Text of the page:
The use of the phonograph, as the first technology aggressively applied to the problem, lands broadly in one of three methods, i.e., post-sync dubbing, mouthing and miming to playback of a pre-recorded phonograph record or simultaneous live recording of image and sound.All of these methods shared the same technical obstacles of short recording times available, insufficient amplification and the problem of synchronization during both recording and playback.
In the long run, amplification proved to be the most difficult challenge. So while De Forest and his brethren stewed in the primordial soup of light bulbs and the "Edison Effect", our other inventor friends pursued synchronization with the phonograph. This was done in three areas: 1. Unitary Machines - synchronous motors with common mains power or mechanically linked shafts. 2. Dependent Machines - cameras & projectors slaving to constant speed phonographs). 3. Dial-Regulated - this involved rheostats, clutches and indicators.5
Our story picks up with a gentleman named Auguste Baron. A tragic figure really, Baron was to take the first of his 3 French film sound patents in 1896 although his reduction to practice at this date is un-substantiated. He was so inspired by the Lumiere's success with the cinèmatographe that he sank his personal fortune of 200,000 Francs in to a series of attempts to make sound pictures work. Baron's soon-to-be assistant, Félix Mesguisch (formerly of the Lumiere's employ), published his own memoirs in 1933 called Tour de Manivvelle, and in them he clearly articulates their joint accomplishments. By 1897-98 when the second of Baron's 3 French patents were granted, Mesguisch describes several films of singing, dancing and talking produced by him and his former boss. These were produced with a device slaving the camera and the projector, electrically, to the phonograph. The tragedy was that along with his quickly dissolving personal fortune, Baron+s eyesight began to fail and at the end of 1899, while working on creating stereoscopic (3-D) sync sound motion pictures, Baron went completely blind. He died penniless and unrecognized in 1938 in an institution for the aged (he was 83). The irony of this being the same year that the much honored Mssr. Mèlies also passes away.6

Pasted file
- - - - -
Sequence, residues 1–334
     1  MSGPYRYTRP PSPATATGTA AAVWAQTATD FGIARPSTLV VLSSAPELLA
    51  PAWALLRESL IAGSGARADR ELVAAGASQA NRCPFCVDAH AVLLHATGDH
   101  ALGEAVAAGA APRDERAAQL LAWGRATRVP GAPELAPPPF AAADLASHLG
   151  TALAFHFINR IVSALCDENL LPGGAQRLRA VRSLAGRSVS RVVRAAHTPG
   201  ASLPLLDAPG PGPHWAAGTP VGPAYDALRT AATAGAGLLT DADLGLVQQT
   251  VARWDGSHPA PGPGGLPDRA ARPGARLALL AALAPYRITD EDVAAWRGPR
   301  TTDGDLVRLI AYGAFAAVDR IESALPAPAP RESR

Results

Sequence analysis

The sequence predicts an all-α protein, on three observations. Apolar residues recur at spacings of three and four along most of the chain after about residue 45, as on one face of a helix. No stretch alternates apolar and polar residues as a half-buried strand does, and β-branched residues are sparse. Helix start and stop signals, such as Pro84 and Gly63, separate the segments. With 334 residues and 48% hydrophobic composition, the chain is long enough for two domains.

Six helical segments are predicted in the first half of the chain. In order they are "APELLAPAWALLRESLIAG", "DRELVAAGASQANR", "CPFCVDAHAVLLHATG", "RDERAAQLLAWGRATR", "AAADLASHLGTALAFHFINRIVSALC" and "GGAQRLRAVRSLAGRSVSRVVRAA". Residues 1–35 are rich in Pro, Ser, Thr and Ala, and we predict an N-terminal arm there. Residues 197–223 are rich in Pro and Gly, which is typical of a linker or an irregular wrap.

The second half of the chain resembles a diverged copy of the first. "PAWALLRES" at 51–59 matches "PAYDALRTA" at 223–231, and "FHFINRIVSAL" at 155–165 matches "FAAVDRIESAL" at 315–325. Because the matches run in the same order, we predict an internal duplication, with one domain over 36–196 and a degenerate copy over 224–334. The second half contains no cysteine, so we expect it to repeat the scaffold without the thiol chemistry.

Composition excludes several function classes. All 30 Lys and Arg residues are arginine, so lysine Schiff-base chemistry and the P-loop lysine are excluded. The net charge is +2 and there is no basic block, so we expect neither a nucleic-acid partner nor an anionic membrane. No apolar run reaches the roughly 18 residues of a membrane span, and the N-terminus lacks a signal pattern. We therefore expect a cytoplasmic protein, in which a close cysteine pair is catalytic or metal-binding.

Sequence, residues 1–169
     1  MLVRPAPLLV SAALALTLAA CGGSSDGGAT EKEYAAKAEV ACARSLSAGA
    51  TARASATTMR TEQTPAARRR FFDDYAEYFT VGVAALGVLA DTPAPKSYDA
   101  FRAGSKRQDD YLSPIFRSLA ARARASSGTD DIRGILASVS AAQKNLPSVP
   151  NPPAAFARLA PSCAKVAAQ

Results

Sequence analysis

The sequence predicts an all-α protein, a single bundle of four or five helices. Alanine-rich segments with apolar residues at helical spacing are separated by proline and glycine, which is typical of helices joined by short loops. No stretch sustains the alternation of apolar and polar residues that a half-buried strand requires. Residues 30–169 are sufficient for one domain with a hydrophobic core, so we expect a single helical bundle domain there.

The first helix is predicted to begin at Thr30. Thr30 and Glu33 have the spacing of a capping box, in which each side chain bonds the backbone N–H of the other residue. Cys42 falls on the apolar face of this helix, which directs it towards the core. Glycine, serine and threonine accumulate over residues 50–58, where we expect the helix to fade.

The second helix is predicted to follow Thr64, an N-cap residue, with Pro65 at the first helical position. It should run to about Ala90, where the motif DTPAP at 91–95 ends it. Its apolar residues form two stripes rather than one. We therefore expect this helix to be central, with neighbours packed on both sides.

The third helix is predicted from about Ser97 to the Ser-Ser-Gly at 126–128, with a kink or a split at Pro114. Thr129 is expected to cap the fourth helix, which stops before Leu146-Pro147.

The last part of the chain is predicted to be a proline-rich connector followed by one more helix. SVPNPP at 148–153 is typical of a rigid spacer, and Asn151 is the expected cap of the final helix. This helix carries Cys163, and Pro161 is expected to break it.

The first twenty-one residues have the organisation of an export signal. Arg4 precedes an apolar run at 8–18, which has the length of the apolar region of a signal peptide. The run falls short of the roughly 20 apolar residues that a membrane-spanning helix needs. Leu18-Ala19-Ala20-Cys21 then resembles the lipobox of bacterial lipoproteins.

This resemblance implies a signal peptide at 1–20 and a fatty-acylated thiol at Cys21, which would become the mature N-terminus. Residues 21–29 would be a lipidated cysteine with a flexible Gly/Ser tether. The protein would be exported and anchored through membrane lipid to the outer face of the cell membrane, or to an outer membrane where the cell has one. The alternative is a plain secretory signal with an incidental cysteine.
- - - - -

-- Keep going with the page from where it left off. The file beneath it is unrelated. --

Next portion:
Baron's work potentially lays fair claim to the first reduction to practice of the art of live recorded synchronous film sound. Unfortunately his activity occurred before the knowledge of how to identically mold duplicates of a master wax cylinder recording, severely inhibiting the commercial potential of his process because only the fragile, original recording would play back synchronously. This duplication technology wouldn't arrive until 1902 7, too late for Baron.
Jacques Ducom gives extensive testimony to the voluminous activity in France at this time. He describes a talking picture presentation at the Olympia Theatre in Paris around 1898 using "individual telephone receivers" for each of the audience members.8 Ducom and French film historian George Sadoul9 both comment on Charles Pathé's and Ferdinand Zecca's film sound experiments in 1899. A man named Gariel obtains a French patent on March 31, 1900, for "combining in the same cinematagraphic apparatus the mechanisms for recording and reproducing the words used in the phonograph".10 Little more is known about Gariel.
An association of three important inventors, C.F. Dussaud, G.E. Jaubert and L.A. Berton begins in 1897. Prior to 1897 Dussaud had devised a way to link twelve discreet phonographs, a prehistoric multitrack that went by the name Macrophonograph. Dussaud then hooked up, figuratively and literally with Jaubert and Berton and their motion picture device, resulting in the Cinemacrophonograph, patented on January 1, 1898. Looking for further financing this trio connect with an industrialist, Mssr. Eugène Pereire, who becomes entranced with Dussaud's 13-headed beast and believes it will become a financial success. He puts up the money for a booth at the Paris Exposition of 1900 and thus the Phonorama was born.11 Our friend Fèlix Mesguisch, freshly unemployed from the now blind Auguste Baron and formerly of the Lumières, is hired to shoot 3 films for the Phonorama. He makes them on maritime life of Marseilles, a Paris street scene and a singer performing with an orchestral accompaniment. One electrical driven shaft was the motive power for the Camera and 12 phonographs(!) to guarantee synchronization. Mesguisch described the audience viewing the films while listening to the combined synchronous sounds of 12 phonographs through individual sets of earphones.
"In filming the singer's performance, some of the phonographs were placed on stage, while others were located in the orchestra. Subsequently, the films were colored by hand at the Gaumont studios, so that Phonorama was actually a presentation of [discreet multitrack] sound films in color!"12 Just down the aisle, also at the Paris Exposition, The Phono-Cinema Theatre was having its wildly successful debut.13
In our next article we will visit the British and American efforts with a highlight on the Cameraphone of Norton, Whitman and Fitch.
4. See Moving Pictures: How They are Made and Worked by Frederick A. Talbot 1923 second edition Philadelphia and London. The first edition of this work was published in 1912 and shows no hint of this pessimism. The change of attitude reflects the industry-wide conventional wisdom.
Part 4 -->